Compound share

Will Zalatoris and Matt Fitzpatrick share lead in windswept US Open,

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BROOKLINE, Mass. – So the cold wind that helps make Boston Boston stalled on the US Open golf course on Saturday and stayed heckling all day until it looked like you could pucker eyes and almost see the ruddy faces of ship captains in the Atlantic. so far. Of course, you could see the faces of the golfers at the 122nd US Open, and those faces were getting sore.

The leaderboard has cratered. The under-par count went from 23 at sunrise to nine by the end of round three, on a Country Club course that was already tough enough with its blind shots and small greens. The 4-under lead eventually went to two guys whose 67 – for Will Zalatoris – and 68 – for England’s Matt Fitzpatrick – proved remarkable.

“Yeah, that was brutal,” Zalatoris began anyway.

“Yeah, I put on my sunscreen before the ride,” Fitzpatrick said, “and I thought, ‘Oh, it’s going to be nice and hot,’ but instead at the end of the day,” when he seemed like a sky over Sheffield, Fitzpatrick’s home town.

Players had ups and downs and ups and downs. Defending champion Jon Rahm came in at 3 under after a commendable 71, but the kind of No. 18 that shows up in those bad dreams where you just can’t get anywhere. Masters champion Scottie Scheffler, Adam Hadwin and New England guy Keegan Bradley have traveled winding roads up to 2 under. Hip pick Sam Burns, co-second-round leader Joel Dahmen and four-time major champion Rory McIlroy hit 1 under, McIlroy with a cavalcade of putts that signaled chronic downsides. Second-round co-leader Collin Morikawa derailed at a 77 and 2 over and walked away.

“It’s so easy to make mistakes worse,” Zalatoris said after a mistake-filled Saturday.

Scheffler, the immaculate 25-year-old Scheffler, the world No. 1 player, could surely provide some calm.

Wait, maybe he could, a bit.

At the US Open, New England’s Keegan Bradley is living out his sporting dream in Boston

When Scheffler stood 101 yards down the fairway at No 8 and sent a beaut to the green and when he landed and spun back and dove for an eagle he had reached 6 under and a two under lead strokes. He parried two more holes to retain that status.

At No. 14, his ground was down to 1 under, including a double bogey at No. 11, a par 3 where his tee shot went from the left next to the area where lawnmowers dare not venture out, and his recovery from there went up the hill and decided to stop, still shy of the green. When he followed that hole with three straight bogeys, only the cruel couldn’t understand.

In the end, he had rebuilt things at 3 cents.

“There are a lot of trees on this golf course, and there are also gusts,” he said. “So it’s definitely unpredictable. That’s what happens when you have these kind of forest golf courses, and then with the gusts, I mean, that little golf ball just gets thrown around.

The leader for a time at 5 under, second-ranked Rahm rose to No. 18 smoothly. Well, he had that moment on No. 8 where he had to reverse a grounder from the hollow of a tree. And he had this approach on No. 13 which landed 30 yards behind the pin, whereupon he said, “For shouting out loud, man. What a fucking day.

But he had skills, and he had know-how, and then on the very last hole, he had uh. He immediately entered a bunker and drove his way out of that bunker into the short wall of the bunker, which sent him back. Then he stole one out of there, only to find another bunker, where the devilish bullet dove deep.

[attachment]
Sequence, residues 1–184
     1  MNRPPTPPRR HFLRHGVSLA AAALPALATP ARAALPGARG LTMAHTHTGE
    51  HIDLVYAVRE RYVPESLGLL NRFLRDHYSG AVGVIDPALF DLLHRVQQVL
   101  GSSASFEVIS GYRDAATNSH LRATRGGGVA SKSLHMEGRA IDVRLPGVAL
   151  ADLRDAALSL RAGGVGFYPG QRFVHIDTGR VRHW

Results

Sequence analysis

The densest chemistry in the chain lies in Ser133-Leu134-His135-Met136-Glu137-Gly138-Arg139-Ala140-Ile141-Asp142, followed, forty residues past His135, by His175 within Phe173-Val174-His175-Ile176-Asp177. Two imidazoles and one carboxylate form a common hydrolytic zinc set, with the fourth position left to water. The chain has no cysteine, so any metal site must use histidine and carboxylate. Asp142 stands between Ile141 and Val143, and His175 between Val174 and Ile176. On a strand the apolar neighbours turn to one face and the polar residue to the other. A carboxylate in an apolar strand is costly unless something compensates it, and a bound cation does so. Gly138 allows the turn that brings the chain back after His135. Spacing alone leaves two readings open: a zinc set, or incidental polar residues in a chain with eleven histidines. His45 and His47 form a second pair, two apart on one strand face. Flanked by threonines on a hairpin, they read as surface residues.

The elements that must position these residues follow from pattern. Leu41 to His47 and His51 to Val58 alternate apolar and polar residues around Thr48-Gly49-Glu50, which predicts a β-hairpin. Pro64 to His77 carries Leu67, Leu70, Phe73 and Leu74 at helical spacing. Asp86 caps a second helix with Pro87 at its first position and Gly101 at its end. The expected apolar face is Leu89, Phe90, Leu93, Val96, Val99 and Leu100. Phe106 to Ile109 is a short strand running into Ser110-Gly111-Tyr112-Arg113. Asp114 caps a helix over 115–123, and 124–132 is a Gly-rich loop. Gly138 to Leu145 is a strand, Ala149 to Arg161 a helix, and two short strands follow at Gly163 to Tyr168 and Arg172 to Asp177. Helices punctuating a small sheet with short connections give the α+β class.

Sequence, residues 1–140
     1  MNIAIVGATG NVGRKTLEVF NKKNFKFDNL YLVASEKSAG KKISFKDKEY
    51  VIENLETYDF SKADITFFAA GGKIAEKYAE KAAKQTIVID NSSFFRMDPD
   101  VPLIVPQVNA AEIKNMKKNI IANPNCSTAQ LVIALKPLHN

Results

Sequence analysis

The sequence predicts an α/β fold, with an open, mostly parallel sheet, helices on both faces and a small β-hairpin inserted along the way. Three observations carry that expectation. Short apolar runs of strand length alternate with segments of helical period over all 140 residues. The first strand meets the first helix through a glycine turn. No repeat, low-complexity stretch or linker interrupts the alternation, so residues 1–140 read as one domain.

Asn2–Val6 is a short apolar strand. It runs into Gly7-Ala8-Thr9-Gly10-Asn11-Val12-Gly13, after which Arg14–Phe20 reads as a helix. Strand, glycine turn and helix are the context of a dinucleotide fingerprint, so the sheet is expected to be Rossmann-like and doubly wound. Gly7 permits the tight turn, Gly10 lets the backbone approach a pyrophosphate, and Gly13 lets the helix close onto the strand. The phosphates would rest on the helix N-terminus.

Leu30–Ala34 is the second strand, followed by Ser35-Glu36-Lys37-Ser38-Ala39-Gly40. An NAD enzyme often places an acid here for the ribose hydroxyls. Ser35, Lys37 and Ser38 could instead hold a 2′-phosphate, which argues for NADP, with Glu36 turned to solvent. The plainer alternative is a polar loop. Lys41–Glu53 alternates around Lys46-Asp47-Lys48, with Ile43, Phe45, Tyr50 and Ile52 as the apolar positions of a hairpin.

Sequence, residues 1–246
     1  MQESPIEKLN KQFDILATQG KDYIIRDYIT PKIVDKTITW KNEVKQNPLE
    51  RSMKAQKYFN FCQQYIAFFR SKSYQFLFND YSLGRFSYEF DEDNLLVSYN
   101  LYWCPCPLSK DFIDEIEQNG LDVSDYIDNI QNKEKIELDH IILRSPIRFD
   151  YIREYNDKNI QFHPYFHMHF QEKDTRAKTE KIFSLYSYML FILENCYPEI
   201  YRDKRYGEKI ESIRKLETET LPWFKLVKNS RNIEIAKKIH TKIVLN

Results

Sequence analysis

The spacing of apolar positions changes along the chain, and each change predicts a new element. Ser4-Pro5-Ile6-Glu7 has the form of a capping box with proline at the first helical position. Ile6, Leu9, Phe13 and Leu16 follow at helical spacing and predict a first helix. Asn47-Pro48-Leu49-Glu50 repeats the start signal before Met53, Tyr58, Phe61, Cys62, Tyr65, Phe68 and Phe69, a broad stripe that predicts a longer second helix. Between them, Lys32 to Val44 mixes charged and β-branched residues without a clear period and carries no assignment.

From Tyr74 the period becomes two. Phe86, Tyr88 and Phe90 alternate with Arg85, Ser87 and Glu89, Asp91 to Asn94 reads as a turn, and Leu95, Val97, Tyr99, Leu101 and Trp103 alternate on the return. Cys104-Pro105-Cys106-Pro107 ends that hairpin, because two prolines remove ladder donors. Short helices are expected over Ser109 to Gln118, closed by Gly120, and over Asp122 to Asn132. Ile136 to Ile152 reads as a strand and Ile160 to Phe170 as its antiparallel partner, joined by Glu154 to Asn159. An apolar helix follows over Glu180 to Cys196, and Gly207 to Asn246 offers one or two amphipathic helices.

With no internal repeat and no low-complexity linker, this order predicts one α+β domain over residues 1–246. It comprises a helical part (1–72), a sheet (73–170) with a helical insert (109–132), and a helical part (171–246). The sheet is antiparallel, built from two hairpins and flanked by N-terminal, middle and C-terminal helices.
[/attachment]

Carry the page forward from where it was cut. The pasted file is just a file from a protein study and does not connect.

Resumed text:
He made a double-bogey 6 and left at 3 under feeling suboptimal, even though he laughed during a TV interview shortly after.

“It’s a good round of golf,” he said after that, and his 71 made that indisputable. “Obviously a lot of people only think about 18. The truth is, 18 was six good swings. Unfortunately it was six, but it was just good swings. About his line reader – in a town that often loves line readers – he said: “Quite frankly it was a bit dark and it was hard to see. After I hit the shot I realized the ball was a little deeper in the sand than I really saw it in. But I think I maybe – tried to be a little too perfect with the shot.

He tried this with a terrible thought in mind: birdie.

This word became a swear word on a Saturday that urged caution, as evidenced by the wisdom of a pup, Zalatoris. The 25-year-old, who started life and golf in San Francisco, has become a fixture on Sunday TV screens in the majors. He has played eight times and has already placed in the top 10 out of five. He had a strategy on Saturday, and it sounded like the strategy of someone older, like most people.

“It took a lot of discipline today,” said Zalatoris. “I mean, we didn’t aim for a single flag, even with a few corners, just because you really only have a foot or two to manage on those greens in certain situations. Normally the guys here, when they have corners in their hand, they shoot pins regardless of the situation, but it’s just a lot of patience and giving me as much 15 to 25 feet as possible, and obviously, a couple came in today, and it went pretty well.

They came from 52 feet, 16 feet, 19 feet and five feet, those birdies, and they came “a pretty day south of San Francisco, of course,” he said. “Hitting 8 irons from 145 yards whereas for me I hit them from about 175 yards. Just look heavy, put poa annua. That’s how I learned the game, and that’s how it really started for me.

He led a bit before Rahm and before Fitzpatrick joined him. These two guys played the 2013 US Amateur, the only event on this course in golfer’s memory, and Fitzpatrick won the thing at 18, and Zalatoris spent the next few years calling it the most hard that he ever played.

“I definitely think it gives me an edge over the others,” Fitzpatrick, the world No. 18, said of that past win. “I sincerely believe it.”

Amid the gusts of Boston, it must have been nice to believe something.